Btu Calculator - btu calculator room

BTU stands for British thermal unit - the traditional unit of energy used in the UK. BTU can be used as a heating measurement to help you work out the heating requirements of your home's bathroom, kitchen and various other parts of the home.


BTU stands for British thermal unit - the traditional unit of energy used in the UK. BTU can be used as a heating measurement to help you work out the heating requirements of your home's bathroom, kitchen and various other parts of the home.


Basically one BTU is equivalent to about the same amount of heat needed in order to raise the temperature of one pound of liquate by one degree Fahrenheit - at the maximum density. This will normally happen when the temperature reaches up to 39.1 degrees.


BTU is the standard and accepted abbreviation for British Thermal Unit; even though the name sound more regional, but BTU isn't regional rather it is the accepted standard unit of energy used all over the world and not just in Britain alone.


One BTU can be defined as the number or amount of heat needed to raise the temperature of one pound of liquid water by 1 degree Fahrenheit at its maximum density. BTU in a more correct sense is referred to as BTU per hour, though for convenience's sake, the term has over the time been coined to BTU/hr.


 BTU and the other energy measurements


1 BTU = 1055 joules


1 BTU = 251.9 calories


1 Watt = 3.413 BTU


1 kilowatt = 3413 BTU


Electrical heating equipment is in no way the sole generator of BTU. Human bodies Also do generate a good amount of BTU. This amount of BTU generated by human varies and that depends solely on the type of activity the person engages in:


State of Activity and BTU/hr generated


- Asleep = 250

- At rest = 350

- Office work (seated) = 420

- Office work (standing) = 640

- Factory work (heavy) = 1600

- Ten-Pin Bowling = 960

- Exercise (heavy) = 1800

- Walking (3mph) = 1040




As far as the BTU calculator is concerned it works by taking some or all of the below-listed measurements and factors into consideration and ways by which they can be used to calculate the total number of BTU your heating systems will need to generate:


Length of the Room

Width of the Room

Height of the Room

Dining Room and Lounge

The Bedroom

Kitchen and Common Area

North Facing Wall

French Windows

Double Glazing


It is always vital and important to know the size and the shape of your air conditioning unit so it can fit in precisely and adequately cool the whole house. There are several online air conditioning calculators that can give a reliable measurement for the amount of the BTU your house requires.


BTU is the commonly wide measurement of air conditioning power whether for home or industrial indicates the amount of air, in cubic feet. Which may then go-ahead to alter its one degree in one hour.


Let's take, for instance, an air conditioner with 5,000 BTU should be able to decrease the temperature of 5,000 cubic feet of air by one degree in one hour. The air conditioning calculator indicates that the air conditioner could be used in a room that has a dimension of between 200 to 300 square feet.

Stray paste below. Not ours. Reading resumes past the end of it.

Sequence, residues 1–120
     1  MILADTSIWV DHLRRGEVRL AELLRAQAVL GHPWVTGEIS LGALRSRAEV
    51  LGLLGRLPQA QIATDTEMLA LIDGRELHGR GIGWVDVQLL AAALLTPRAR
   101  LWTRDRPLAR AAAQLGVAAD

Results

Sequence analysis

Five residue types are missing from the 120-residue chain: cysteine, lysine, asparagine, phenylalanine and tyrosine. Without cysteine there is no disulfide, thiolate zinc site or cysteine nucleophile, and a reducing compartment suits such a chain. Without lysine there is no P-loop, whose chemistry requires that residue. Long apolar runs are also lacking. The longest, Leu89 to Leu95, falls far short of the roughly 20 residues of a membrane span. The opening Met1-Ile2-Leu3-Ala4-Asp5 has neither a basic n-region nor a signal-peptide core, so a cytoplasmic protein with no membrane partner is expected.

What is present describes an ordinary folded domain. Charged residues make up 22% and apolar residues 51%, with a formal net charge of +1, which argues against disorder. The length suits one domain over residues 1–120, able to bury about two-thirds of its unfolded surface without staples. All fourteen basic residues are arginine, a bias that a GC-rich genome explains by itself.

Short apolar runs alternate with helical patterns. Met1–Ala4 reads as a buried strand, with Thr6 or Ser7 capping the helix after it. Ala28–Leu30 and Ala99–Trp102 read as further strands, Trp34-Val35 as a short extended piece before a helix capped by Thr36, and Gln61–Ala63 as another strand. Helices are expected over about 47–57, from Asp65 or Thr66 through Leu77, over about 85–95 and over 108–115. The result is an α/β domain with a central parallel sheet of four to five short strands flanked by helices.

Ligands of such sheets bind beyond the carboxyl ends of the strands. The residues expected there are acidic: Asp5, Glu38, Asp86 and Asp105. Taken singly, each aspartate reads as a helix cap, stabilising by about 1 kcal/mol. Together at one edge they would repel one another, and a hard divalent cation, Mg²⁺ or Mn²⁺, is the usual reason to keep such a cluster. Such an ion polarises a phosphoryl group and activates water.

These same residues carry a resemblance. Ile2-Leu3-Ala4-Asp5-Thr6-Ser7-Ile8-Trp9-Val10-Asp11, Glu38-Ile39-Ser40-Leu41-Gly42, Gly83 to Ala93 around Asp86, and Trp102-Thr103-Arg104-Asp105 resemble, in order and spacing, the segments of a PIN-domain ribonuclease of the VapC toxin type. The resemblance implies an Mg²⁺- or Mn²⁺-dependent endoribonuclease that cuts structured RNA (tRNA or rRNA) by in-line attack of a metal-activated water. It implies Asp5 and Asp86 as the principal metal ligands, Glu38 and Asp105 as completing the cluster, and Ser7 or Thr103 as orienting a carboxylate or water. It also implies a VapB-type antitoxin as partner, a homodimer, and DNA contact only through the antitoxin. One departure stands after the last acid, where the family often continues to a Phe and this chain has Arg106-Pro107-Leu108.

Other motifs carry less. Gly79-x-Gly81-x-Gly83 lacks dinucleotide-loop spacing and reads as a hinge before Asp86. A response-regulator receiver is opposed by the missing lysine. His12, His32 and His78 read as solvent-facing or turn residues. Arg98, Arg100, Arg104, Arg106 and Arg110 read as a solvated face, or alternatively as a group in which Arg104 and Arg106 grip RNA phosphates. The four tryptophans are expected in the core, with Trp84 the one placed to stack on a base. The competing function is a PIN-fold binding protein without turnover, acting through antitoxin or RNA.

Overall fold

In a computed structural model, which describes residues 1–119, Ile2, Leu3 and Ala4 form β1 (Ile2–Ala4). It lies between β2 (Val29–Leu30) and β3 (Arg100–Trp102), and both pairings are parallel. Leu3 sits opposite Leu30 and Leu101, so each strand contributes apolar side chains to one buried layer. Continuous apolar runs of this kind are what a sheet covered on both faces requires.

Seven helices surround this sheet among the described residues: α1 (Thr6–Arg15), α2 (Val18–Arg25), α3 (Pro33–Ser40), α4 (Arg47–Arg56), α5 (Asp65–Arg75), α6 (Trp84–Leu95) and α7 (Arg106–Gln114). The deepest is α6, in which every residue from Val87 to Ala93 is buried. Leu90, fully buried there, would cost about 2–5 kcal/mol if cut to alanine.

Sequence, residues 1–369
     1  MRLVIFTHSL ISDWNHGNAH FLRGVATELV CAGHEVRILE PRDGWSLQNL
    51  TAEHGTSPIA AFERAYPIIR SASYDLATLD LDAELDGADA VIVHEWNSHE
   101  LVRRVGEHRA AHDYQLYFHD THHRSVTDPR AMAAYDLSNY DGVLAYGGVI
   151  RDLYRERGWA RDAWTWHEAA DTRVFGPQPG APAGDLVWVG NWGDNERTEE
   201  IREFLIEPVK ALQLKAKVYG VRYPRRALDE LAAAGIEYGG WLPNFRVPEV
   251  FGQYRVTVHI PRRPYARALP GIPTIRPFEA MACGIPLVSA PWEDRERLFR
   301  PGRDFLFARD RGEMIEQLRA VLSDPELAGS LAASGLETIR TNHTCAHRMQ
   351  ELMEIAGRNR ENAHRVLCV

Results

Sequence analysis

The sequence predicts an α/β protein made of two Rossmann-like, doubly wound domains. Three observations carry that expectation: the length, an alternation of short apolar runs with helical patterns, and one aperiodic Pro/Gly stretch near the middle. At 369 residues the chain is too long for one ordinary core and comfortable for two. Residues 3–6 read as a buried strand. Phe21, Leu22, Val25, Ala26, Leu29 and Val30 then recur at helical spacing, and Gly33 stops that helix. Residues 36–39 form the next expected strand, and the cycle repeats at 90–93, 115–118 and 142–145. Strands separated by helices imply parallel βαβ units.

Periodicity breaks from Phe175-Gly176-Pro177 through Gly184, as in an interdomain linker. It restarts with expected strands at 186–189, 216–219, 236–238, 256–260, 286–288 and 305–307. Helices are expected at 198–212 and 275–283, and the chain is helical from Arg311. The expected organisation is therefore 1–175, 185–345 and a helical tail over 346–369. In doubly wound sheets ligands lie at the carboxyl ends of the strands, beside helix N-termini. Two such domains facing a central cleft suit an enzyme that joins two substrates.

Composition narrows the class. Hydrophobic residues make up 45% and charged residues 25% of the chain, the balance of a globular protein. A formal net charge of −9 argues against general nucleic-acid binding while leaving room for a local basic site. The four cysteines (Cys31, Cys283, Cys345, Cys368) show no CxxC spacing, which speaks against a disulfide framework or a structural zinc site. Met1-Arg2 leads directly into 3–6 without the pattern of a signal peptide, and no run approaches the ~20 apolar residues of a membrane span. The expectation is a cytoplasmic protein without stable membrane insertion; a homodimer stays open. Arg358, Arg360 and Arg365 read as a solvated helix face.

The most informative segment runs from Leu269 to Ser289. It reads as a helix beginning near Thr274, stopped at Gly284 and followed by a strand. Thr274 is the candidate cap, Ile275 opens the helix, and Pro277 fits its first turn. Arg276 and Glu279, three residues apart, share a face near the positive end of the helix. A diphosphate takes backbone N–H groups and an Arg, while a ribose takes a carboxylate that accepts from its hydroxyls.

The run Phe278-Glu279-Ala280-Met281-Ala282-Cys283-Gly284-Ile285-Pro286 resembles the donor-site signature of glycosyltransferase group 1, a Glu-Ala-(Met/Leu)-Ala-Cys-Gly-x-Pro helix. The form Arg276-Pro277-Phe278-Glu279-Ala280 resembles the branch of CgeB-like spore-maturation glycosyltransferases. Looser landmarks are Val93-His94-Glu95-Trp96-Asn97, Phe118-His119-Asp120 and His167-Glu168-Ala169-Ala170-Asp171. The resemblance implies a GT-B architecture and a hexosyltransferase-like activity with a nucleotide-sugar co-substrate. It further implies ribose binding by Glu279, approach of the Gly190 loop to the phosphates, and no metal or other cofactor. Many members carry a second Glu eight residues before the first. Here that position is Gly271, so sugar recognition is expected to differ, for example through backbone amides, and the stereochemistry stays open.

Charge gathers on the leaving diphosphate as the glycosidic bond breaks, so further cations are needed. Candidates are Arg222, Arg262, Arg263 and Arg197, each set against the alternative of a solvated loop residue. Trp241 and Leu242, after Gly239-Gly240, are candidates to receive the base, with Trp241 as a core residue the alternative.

The quality and amount of room insulation are equally as important and they play a vital role in the type of air conditioner that is needed. One other factor that needs to be taken into consideration is the fact that the kitchen also can increase the room temperature of the whole house.


In order to determine the correct and proper size of the air conditioner, you should always ask the manufacturer to calculate the BTU required for your home or download an online calculator and do it yourself.


You should also give some room for consideration. For example, if your air conditioning calculator advises you to buy something around 10,000 BTU units, then it is more advisable if you buy a home air conditioner ranges from around 10,000 to 12,000.


This would make sure it is not pushed too hard or overstressed and would also ensure it produces cool air and maintain the proper room temperature. It also can lower your electricity bills. Since it will not work much harder and for longer periods of time,


However, it is important to always have it mind that the figure your BTU calculator provides is what the radiator will put out in an average room with no external factors. For example, if you live in a warm climate, on a hilltop that is completely exposed to the elements or in a region with snowfalls, there will be a need to compensate for these factors.


You have to bear in mind that it is always important to overestimate your needs than underestimate, most especially when it comes to heat generation because it is ultimately possible to lower a radiator's maximum heat output but you can't possibly force it to generate more heat than it's physically capable of


Listed below is a rundown of  BTU equivalents of various fuels for comparison:


1 gallon of #2 oil = 140,000 BTU


1 barrel of crude oil, an equivalent of 42 US gallons=5.80 million BTU


1 gallon of LP gas=91,500 BTU


1 gallon of Kerosene=135,000 BTU


1 cubic foot LP gas = 2,550 BTU


1 cubic foot natural gas = 1,000 BTU


1 KWH electricity= 3,413 BTU


1 therm. natural gas = 100,000 BTU


1,000 BTU = 1 lb of steam


1 ton of coal = 28,000,000 BTU


1 cord of firewood = or less 20,000,000 BTU


1 pound of firewood = or less 8,000 BTU


Firewood BTU as given above is based on air-dried wood logs taken an average common US wood species into consideration.


Physical units reflect measures of distances, volumes, areas, weights, heights, impulse, mass, force, and energy. Every energy type is measured by different physical measuring units: for instance cubic feet for natural gas; barrels or gallons for petroleum; kilowatt/hrs for electricity tons for coal. To compare different fuels, there is a need to convert the measurements to the same units.